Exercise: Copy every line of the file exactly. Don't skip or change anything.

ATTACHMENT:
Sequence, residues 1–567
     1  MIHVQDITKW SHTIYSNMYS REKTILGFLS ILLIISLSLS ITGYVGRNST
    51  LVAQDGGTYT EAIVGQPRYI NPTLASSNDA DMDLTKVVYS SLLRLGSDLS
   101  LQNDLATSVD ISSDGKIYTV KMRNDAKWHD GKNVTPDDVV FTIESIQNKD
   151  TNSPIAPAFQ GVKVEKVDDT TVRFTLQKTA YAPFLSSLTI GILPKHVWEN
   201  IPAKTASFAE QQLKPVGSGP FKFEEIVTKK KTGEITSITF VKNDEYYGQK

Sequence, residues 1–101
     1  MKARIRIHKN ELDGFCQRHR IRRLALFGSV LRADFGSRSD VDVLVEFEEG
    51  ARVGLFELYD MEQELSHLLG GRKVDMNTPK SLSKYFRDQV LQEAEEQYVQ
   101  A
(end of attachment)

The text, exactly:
Sequence, residues 1–567
     1  MIHVQDITKW SHTIYSNMYS REKTILGFLS ILLIISLSLS ITGYVGRNST
    51  LVAQDGGTYT EAIVGQPRYI NPTLASSNDA DMDLTKVVYS SLLRLGSDLS
   101  LQNDLATSVD ISSDGKIYTV KMRNDAKWHD GKNVTPDDVV FTIESIQNKD
   151  TNSPIAPAFQ GVKVEKVDDT TVRFTLQKTA YAPFLSSLTI GILPKHVWEN
   201  IPAKTASFAE QQLKPVGSGP FKFEEIVTKK KTGEITSITF VKNDEYYGQK

Sequence, residues 1–101
     1  MKARIRIHKN ELDGFCQRHR IRRLALFGSV LRADFGSRSD VDVLVEFEEG
    51  ARVGLFELYD MEQELSHLLG GRKVDMNTPK SLSKYFRDQV LQEAEEQYVQ
   101  A